Florencia Corbo-Ferreira

MIT Department: Earth Atmospheric and Planetary Science
Faculty Mentor: Prof. Brent Minchew
Undergraduate Institution: University of Florida
Website: LinkedIn
Research Poster
Lightning Talk


Hi! I’m Florencia Corbo-Ferreira, a rising junior at the University of Florida. I am majoring in Environmental Engineering and minoring in Materials Science & Engineering. For the last year or so I have been involved with a couple research projects, most of them relating to water quality and analysis. I am also leading my own research project, with the help of Dr. Ana Martin-Ryals, that involves investigating the use of cyanobacteria to treat the aqueous product of hydrothermal liquefaction. These organisms produce valuable biopolymers, specifically polyhydroxybutyrate (PHB) when in stressed conditions! My goal is to use science and engineering to help improve the health of the Earth and the lives of the people on it. I also hope to contribute knowledge for humanity’s journey to other planets! My hobbies include playing Pokemon Go, trying new foods, thrifting, and spending time with family.

2021 Abstract

Estimating Changes in Ice-Flow in Byrd Glacier from Observational Data

Florencia Corbo-Ferreira1, Meghana Ranganathan2, and Brent Minchew2
1Department of Environmental Engineering Sciences, University of Florida
2Department of Earth, Atmospheric, and Planetary Sciences,
Massachusetts Institute of Technology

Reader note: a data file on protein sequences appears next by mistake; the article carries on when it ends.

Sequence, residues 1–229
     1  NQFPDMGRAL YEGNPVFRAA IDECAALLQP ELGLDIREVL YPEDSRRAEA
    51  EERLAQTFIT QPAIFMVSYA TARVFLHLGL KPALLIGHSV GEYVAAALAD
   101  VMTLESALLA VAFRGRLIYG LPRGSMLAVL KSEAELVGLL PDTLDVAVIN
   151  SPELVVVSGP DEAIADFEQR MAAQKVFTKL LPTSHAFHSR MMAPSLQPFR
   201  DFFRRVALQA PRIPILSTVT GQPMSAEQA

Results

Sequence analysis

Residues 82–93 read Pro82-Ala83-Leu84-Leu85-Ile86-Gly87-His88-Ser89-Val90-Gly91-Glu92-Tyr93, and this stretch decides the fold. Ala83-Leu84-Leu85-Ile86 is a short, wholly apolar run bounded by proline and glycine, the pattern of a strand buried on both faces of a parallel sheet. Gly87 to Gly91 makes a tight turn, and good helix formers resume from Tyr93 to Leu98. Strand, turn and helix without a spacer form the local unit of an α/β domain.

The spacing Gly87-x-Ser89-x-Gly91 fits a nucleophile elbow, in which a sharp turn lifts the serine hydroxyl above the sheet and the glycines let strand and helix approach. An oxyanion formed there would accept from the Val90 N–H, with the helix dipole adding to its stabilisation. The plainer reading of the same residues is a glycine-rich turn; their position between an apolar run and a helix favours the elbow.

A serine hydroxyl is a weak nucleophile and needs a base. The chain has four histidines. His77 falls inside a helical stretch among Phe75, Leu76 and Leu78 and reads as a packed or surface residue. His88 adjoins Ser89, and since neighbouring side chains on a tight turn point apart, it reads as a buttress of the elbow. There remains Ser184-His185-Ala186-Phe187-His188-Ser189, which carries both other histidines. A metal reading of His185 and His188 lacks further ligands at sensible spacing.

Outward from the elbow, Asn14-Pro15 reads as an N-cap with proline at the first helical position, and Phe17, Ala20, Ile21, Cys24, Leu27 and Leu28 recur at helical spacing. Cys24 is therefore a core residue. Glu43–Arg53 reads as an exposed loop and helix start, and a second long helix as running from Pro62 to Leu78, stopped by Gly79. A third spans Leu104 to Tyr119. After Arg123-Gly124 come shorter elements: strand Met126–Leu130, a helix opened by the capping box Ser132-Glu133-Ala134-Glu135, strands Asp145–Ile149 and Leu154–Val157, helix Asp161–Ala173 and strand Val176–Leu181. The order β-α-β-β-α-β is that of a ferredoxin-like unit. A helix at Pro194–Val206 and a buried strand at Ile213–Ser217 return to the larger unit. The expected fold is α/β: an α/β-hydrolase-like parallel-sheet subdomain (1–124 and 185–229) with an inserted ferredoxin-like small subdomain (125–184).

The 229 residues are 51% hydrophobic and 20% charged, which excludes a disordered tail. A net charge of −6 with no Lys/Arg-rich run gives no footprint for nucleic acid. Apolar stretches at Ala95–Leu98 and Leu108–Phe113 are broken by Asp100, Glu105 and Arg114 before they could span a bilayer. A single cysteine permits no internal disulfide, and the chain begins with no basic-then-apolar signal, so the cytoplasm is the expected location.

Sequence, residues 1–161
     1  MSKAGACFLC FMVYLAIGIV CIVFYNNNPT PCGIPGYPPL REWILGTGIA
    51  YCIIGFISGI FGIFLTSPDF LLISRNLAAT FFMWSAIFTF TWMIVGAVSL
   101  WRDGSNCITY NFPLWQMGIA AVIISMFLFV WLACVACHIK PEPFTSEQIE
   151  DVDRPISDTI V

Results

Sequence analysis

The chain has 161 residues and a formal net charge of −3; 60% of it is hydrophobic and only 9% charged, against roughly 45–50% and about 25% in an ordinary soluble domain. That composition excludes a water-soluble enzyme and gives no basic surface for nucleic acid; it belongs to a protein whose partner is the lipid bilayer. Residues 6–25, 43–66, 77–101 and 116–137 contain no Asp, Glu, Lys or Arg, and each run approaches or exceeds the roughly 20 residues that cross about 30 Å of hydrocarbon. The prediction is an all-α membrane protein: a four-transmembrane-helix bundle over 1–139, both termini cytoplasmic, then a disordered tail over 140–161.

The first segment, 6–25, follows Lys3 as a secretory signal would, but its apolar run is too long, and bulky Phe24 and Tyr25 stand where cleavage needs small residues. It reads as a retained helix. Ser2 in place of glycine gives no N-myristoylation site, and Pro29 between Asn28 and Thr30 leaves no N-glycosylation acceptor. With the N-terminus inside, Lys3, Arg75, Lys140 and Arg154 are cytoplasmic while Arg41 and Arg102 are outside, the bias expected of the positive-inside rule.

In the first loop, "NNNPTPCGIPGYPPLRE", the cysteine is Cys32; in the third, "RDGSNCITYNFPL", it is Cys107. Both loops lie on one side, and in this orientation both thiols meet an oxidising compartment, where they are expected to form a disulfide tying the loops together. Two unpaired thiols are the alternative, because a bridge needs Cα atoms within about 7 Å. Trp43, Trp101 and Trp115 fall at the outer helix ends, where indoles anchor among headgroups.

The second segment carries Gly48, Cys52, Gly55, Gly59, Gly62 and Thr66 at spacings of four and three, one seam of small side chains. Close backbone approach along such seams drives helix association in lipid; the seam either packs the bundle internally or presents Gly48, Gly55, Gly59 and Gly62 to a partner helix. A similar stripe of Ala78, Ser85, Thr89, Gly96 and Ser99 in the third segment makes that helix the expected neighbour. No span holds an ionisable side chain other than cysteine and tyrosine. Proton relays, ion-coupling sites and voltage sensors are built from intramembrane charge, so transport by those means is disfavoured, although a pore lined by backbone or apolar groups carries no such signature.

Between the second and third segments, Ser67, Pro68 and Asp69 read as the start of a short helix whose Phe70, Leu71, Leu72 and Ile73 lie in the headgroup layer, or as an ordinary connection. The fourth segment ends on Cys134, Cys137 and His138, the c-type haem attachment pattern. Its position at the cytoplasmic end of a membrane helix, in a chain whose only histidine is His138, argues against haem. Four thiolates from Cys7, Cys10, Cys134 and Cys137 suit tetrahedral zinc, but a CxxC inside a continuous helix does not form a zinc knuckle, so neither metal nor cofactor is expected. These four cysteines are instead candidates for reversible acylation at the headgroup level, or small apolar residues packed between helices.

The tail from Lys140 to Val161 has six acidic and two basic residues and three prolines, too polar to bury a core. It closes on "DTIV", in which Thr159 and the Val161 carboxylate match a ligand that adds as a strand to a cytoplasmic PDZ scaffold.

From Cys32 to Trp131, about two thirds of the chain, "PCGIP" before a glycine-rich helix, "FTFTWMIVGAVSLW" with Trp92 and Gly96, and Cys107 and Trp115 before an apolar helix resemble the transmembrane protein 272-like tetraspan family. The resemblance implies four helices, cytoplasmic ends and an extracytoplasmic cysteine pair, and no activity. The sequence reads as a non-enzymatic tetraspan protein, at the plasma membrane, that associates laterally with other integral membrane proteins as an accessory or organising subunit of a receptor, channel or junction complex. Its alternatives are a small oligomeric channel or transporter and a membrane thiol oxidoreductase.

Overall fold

Climate change has affected all aspects of human life and touched all parts of the planet. One of its most prevalent impacts has been that on Earth’s ice. Fast-flowing glaciers in Antarctica eject significant mass of ice to the ocean, ultimately contributing to global sea-level rise. The behavior of these glaciers in a warming climate is the greatest source of uncertainty to our projections of sea-level rise. Therefore, constraining how glaciers will change is of the utmost concern for mitigation of climate change. The greatest source of uncertainty in our sea-level predictions is the result of what happens to Antarctica. An increased understanding of the ways Antarctica’s ice flows will contribute to climate knowledge. Generally, ice flow is described in ice-flow models through Glen’s Flow law, which defines the relationship between stress and strain using a stress exponent n. Here, I estimate the evolution of the stress exponent n in Glen’s Flow Law in Byrd Glacier as the glacier flows toward the ocean. I used LANDSAT-8 velocity data to create velocity profiles across the ice stream. I then used an ice flow model to fit values of n to each profile. It was found that the value of the stress exponent n increases as the point of observation approaches the ocean. Incorporating these spatially-varying values of the stress exponent n will reduce uncertainties in ice-flow projects and contribute to a greater understanding of glacier dynamics.